Kitchen Design on a Budget WITH VIDEO
The house we've been talking about, working on, crying and praying about....is FINISHED. It's been constructed, listed for sale, photographed, videoed, and blogged about. But now it's time for some details. We're going to start with the kitchen, and in upcoming posts we'll talk about the exterior and bathroom, all of which were pretty major overhauls from their original form. If you don't have time to read, skip to the end where there is a video of me showing you around the kitchen and talking about the details.
Let's refresh your memory on the before of the kitchen:
When we lived there, we tried to give it all the pretty updates we could. But it was all cosmetic and if I'm being honest, it was putting lipstick on a super out of date pig. Look at all the scrolly woodwork. And the hardware on the cabinets. The update we did this time should've been done back then but we just didn't have the skills. This time, 10 years later, it was time to do it right.
We took down the upper cabinets for one big reason - there was no saving the doors on any of the cabinets, top or bottom, and getting all new doors was out of the budget. We patched and painted the walls the same color as the rest of the interior walls of the house - Greyrock Inn (Glidden). Also notice the missing floor by the dishwasher. We ended up using wood from the master bedroom to patch places that needed new wood and installed new carpet in the master bedroom instead. I spray painted the cabinet bases with cans of spray paint from Lowe's (here). We also decided to get rid of the wall oven and create a pantry where the wall oven used to be. We purchased a oven/stove combo and created a space for it where the old cooktop used to be.
Knowing that we had five doors and four drawers that needed replacement, we visited the local Habitat for Humanity Re-Store to see if there was something there that could work for our kitchen project. Thankfully, we were able to find enough matching doors and drawer fronts to make it all work out. Thomas had to move a few things around and resize some openings (which is an advanced carpentry project) to make it happen. But that's what budget renovation IS. Usually where there is a creative solution to save you money on material, it's balanced out by necessary skill in labor to make it look like it wasn't a budget solution.
We also removed the old countertops. The first time we renovated this kitchen, we ripped off the old formica covering and replaced with new. But, ten years later, it was pulling away from the surface in places so we decided to replace with butcher block tops. We were able to find them reasonably priced at our local Southeastern Salvage store and paid about $425 for what we needed. What I love about the butcher block is that its easy for a novice DIY'er to work with since its a lot of straight cuts that can be made with a table saw or circular saw. I also love that all you need to care for it is food grade mineral oil which is inexpensive and safe to use with food prep.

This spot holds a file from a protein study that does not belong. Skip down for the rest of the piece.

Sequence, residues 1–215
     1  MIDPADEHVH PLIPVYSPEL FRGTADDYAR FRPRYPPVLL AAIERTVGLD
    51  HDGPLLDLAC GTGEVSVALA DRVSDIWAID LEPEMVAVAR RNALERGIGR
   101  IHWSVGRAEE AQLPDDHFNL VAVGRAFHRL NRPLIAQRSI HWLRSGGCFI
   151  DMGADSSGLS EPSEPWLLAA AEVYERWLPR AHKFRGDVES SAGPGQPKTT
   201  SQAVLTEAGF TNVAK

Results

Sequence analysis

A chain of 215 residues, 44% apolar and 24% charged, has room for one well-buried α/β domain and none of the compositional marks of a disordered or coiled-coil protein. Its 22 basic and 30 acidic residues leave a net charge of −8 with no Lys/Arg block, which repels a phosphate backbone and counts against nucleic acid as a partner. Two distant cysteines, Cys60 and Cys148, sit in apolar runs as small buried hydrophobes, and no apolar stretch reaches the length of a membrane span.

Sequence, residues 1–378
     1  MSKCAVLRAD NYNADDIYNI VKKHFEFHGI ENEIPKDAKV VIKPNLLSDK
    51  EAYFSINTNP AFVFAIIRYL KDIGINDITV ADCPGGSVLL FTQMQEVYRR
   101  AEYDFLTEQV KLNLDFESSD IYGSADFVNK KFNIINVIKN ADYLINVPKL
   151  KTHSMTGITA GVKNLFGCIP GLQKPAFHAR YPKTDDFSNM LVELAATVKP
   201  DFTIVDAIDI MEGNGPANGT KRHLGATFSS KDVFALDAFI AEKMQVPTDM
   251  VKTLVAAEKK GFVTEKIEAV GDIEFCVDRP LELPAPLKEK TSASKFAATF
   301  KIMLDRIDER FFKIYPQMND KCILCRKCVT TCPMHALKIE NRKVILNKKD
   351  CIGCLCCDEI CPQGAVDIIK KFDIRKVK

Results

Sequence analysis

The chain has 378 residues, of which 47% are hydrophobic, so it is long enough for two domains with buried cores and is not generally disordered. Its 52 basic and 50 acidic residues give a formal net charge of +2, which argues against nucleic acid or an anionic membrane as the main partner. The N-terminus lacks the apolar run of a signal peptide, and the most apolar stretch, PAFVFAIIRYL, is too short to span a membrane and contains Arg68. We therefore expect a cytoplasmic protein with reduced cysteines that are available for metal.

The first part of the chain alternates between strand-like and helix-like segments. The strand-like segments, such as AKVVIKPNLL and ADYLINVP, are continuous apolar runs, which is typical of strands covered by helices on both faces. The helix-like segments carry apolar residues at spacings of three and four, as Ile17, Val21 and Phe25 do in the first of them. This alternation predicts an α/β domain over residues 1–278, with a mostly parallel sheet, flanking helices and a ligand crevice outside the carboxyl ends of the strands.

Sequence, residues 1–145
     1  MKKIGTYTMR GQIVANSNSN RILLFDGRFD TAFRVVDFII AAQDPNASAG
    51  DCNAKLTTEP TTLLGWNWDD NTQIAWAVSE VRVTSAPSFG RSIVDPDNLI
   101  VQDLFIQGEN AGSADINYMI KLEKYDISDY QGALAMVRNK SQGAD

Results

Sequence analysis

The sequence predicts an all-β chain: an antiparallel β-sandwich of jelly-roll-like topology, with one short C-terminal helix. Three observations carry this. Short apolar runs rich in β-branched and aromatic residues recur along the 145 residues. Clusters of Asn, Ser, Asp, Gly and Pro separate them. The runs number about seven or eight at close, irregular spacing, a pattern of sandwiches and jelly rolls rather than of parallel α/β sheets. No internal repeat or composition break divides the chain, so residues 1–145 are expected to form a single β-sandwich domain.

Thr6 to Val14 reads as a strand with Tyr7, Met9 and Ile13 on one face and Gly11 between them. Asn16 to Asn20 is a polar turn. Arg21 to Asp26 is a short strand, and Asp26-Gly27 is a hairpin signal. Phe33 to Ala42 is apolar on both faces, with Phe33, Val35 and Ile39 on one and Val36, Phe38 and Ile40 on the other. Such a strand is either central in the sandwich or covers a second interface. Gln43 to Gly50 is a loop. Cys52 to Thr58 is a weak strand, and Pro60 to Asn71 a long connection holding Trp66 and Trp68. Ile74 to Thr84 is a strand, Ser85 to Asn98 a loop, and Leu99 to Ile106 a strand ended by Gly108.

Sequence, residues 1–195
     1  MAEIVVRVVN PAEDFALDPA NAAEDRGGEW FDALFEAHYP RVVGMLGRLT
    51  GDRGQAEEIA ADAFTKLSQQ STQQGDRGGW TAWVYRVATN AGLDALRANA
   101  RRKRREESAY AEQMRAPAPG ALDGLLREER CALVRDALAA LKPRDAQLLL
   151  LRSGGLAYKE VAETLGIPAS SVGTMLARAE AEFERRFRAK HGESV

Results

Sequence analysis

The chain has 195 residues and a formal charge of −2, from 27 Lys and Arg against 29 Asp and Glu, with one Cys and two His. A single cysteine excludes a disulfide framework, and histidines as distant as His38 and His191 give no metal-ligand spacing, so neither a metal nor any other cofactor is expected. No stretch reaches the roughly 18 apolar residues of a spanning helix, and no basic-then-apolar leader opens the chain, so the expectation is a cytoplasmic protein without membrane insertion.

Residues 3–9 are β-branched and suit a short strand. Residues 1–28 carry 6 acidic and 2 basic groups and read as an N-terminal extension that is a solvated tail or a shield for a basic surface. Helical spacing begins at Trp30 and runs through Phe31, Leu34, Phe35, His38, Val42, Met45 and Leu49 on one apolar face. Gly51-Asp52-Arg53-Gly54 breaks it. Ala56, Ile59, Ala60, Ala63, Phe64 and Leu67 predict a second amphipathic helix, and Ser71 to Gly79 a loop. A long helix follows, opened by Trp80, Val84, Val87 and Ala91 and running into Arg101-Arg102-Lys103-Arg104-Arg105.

After we measured, cut, and installed the countertops, we covered them up with plastic so they wouldn't get stained or dripped on. Then I installed the subway tile backsplash. I probably would've opted for subway anyway, but my mother in law had several boxes stashed away from a renovation project and she offered them to me to use for this project. I discovered premixed grout and mortar on this project and I may never mix either of them again. Talk about EASY. The bucket is resealable so it doesn't dry out and you don't have to wash a bucket. Call me lazy but time is money and just mixing and washing saved me a LOT of time! Premixed is more costly than mix-it-yourself but if you don't use the whole bag of mortar, you'll come out ahead by purchasing the premixed that you can reseal and use on future projects. I used Delorean Gray grout and this premixed mortar for the job.
After the backspash was up, it felt like a lot of things started to come together really quickly. We hung floating shelves made from 1"x12" lumber, hung on the wall with threaded rods into the wall and through the piece of shelving. If you plan to make these, take my advice and use 2" lumber. Our shelves were sagging so we ended up securing them with meal rods with anchors into the ceiling on the corners. It definitely looks intentional but it was a thoughtful design fix after we made a bad calcualtion on the load that 1"x12" could carry.
You can see a lot of other seemingly small things starting to fall into place: Pantry doors are installed, new over-the-sink light is up, and new pendant lights over the peninsula are ready to go.
The pendant lights were another great example of huge budget savings balanced by skill of installation on Thomas' part. I found some clamp shop lights and immediately pictured them in the kitchen. For only $7 each, they won for best design/best price combo compared to similar pendant lighting. Thomas was able to expertly cut the clamp lights all the same length and install them into the ceiling, saving us about $120.
For the over the sink light, I took an inexpensive stock item from Lowe's and painted the cap to match the new base cabinets to give it an updated look. You may also notice that we replaced the old window trim with something a little more simple: mitered 1"x4" lumber.
The final steps were caulking, floating holes in sheetrock, sanding, priming, painting, and styling. Three weeks and about $1200 later, we have a completely updated kitchen.
And, in case you were wondering, and I know you were -
For those of you who have made it this far - or just skipped to the end - click the image below to watch a tour of the new kitchen.